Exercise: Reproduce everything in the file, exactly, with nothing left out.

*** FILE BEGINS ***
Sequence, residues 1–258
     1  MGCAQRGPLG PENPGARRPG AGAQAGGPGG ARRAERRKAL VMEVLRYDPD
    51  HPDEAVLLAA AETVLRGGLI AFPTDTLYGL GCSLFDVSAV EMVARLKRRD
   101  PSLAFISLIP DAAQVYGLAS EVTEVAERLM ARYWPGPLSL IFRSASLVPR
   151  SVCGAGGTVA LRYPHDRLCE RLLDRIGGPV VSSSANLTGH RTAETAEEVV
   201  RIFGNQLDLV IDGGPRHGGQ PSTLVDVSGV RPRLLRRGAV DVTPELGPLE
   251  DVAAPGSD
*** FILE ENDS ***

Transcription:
Sequence, residues 1–258
     1  MGCAQRGPLG PENPGARRPG AGAQAGGPGG ARRAERRKAL VMEVLRYDPD
    51  HPDEAVLLAA AETVLRGGLI AFPTDTLYGL GCSLFDVSAV EMVARLKRRD
   101  PSLAFISLIP DAAQVYGLAS EVTEVAERLM ARYWPGPLSL IFRSASLVPR
   151  SVCGAGGTVA LRYPHDRLCE RLLDRIGGPV VSSSANLTGH RTAETAEEVV
   201  RIFGNQLDLV IDGGPRHGGQ PSTLVDVSGV RPRLLRRGAV DVTPELGPLE
   251  DVAAPGSD